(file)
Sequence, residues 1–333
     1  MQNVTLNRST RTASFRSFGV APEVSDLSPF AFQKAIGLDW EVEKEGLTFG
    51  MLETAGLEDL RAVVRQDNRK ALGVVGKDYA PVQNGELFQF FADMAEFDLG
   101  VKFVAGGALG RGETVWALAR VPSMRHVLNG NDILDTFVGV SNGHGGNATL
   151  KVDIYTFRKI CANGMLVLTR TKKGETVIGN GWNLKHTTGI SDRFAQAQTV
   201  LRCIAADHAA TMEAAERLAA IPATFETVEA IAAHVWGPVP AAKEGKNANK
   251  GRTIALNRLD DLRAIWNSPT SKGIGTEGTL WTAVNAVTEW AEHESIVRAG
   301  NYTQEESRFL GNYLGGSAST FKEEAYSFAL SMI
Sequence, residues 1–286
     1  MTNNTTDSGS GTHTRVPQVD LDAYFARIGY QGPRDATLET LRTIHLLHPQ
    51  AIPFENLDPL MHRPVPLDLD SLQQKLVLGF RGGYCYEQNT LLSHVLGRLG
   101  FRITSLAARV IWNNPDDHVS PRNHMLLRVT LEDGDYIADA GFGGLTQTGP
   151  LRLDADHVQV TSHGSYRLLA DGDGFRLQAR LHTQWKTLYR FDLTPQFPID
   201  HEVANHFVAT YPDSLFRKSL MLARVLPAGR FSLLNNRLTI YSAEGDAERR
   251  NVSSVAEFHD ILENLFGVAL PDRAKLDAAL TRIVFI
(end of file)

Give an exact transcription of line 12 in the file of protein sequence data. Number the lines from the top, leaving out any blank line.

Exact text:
   101  FRITSLAARV IWNNPDDHVS PRNHMLLRVT LEDGDYIADA GFGGLTQTGP